With a little patience and effort, your walls will be clean and fresh in no time!
Now that you have settled for a cleaning solution and collected all the necessary tools, it’s time to start washing your walls. A step-by-step guide on how to clean walls:
Test your wall cleaning solution. To start off, test the cleaning solution you favoured on a small, inconspicuous area of your wall (preferably one of the lower corners) to ensure it won’t damage the paint or wallpaper.
Divide and conquer-clean. Draw a mental tic-tac-toe puzzle on your wall to divide it into 9 sections. Start at the top of the wall and work your way down, cleaning one section at a time.
Pre-treat tough stains. Remember when you had to note any stubborn stains? Now’s your chance to show them who’s boss. Wet your stiff bristled brush in your cleaning solution and shake it out well. Then, give any tough stains a good, but gentle scrub.
Dip and wring. Dip your sponge or cloth into the cleaning solution, then wring it out to remove excess liquid. The key phrase here is “damp, not drippy”.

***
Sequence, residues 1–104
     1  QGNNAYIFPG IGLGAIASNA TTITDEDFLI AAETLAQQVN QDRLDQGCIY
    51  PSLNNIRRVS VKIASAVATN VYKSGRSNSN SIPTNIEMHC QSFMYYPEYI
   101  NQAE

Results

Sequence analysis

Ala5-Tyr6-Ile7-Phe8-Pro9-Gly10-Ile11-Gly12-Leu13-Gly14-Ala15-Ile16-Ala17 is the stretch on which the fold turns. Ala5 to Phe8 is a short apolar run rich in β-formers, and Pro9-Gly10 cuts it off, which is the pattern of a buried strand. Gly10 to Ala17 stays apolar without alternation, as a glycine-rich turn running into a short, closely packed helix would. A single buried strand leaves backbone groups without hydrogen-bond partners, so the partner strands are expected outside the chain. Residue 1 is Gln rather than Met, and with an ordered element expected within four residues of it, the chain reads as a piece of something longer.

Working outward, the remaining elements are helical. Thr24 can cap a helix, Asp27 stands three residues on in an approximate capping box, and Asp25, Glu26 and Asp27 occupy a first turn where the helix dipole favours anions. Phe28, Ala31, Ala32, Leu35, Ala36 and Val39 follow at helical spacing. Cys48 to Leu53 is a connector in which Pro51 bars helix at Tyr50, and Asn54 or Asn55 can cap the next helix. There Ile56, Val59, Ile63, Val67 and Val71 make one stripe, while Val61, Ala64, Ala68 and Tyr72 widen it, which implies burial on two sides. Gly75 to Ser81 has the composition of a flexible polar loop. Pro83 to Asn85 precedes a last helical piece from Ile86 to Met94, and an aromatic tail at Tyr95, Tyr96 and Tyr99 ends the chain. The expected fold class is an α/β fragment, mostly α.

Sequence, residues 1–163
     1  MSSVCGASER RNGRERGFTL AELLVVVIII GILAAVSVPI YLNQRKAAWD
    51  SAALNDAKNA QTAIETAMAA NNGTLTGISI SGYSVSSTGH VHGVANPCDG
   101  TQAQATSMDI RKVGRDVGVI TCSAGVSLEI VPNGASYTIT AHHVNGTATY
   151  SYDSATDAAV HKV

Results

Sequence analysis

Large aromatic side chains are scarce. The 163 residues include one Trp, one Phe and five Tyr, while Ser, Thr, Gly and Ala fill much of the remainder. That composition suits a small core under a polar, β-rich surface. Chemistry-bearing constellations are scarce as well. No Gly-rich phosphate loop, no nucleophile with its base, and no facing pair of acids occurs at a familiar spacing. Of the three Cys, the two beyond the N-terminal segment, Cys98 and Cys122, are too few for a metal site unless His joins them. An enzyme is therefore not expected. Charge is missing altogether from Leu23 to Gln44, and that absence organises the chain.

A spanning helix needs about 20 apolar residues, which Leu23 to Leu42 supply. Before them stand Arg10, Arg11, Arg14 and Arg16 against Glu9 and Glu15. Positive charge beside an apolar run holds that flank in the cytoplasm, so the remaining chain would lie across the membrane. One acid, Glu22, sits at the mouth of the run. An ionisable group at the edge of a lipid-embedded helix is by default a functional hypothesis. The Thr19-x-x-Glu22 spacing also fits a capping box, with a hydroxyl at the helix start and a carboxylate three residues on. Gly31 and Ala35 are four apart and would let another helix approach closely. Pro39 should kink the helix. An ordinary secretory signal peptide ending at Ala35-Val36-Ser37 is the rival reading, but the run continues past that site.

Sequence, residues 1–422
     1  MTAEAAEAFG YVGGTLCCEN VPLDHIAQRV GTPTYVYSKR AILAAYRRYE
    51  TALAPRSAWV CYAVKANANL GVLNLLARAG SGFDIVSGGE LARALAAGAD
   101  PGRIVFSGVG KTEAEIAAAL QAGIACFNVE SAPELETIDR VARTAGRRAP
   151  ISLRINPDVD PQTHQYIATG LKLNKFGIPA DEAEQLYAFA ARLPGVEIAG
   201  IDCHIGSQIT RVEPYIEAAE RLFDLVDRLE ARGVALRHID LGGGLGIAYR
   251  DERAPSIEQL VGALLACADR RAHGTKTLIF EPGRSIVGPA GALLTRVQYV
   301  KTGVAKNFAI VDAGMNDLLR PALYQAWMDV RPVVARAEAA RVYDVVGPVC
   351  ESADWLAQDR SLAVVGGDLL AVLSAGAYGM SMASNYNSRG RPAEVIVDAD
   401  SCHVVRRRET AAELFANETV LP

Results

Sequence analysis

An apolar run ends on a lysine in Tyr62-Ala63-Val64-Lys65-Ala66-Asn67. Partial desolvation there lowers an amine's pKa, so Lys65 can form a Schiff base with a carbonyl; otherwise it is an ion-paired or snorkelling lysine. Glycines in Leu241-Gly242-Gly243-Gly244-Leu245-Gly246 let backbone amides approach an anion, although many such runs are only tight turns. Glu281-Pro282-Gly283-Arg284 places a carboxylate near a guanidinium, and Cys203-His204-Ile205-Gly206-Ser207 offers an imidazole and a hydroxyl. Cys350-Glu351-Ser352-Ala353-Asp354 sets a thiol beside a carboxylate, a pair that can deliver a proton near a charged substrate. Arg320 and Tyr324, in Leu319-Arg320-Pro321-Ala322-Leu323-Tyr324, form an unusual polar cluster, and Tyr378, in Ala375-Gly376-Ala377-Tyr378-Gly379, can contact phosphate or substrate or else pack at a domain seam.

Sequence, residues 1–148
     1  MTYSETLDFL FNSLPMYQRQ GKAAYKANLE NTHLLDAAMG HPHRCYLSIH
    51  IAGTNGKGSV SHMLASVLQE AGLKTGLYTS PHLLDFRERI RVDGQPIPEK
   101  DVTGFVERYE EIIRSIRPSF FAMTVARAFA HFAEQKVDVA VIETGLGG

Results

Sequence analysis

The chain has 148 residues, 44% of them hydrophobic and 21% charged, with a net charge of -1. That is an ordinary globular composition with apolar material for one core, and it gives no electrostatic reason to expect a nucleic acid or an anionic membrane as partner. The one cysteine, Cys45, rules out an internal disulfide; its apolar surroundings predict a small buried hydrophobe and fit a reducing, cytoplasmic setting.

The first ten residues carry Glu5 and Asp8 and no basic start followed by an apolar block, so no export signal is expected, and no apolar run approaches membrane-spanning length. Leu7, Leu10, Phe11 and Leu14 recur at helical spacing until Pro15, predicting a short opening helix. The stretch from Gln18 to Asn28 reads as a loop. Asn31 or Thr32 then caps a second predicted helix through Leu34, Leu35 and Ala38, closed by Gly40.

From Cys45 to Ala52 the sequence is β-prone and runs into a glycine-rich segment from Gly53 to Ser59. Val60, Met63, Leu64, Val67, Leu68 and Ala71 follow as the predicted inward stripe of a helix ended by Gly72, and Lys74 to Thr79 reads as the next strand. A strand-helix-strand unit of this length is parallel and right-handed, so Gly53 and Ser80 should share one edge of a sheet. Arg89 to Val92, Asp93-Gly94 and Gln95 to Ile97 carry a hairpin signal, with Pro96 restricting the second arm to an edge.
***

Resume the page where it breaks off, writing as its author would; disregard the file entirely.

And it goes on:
Scrub gently. Gently scrub your wall in a circular motion, focusing on any areas with stubborn stains. Be careful not to scrub too hard, as this could damage the wall or paint.
Rinse, dry and move on. Once you’ve scrubbed the section, use a clean sponge or cloth and water to rinse it. Then, press a dry towel on the cleaned area to absorb as much moisture as possible. Continue washing the next section, following the steps 4-6, until you complete cleaning the entire wall.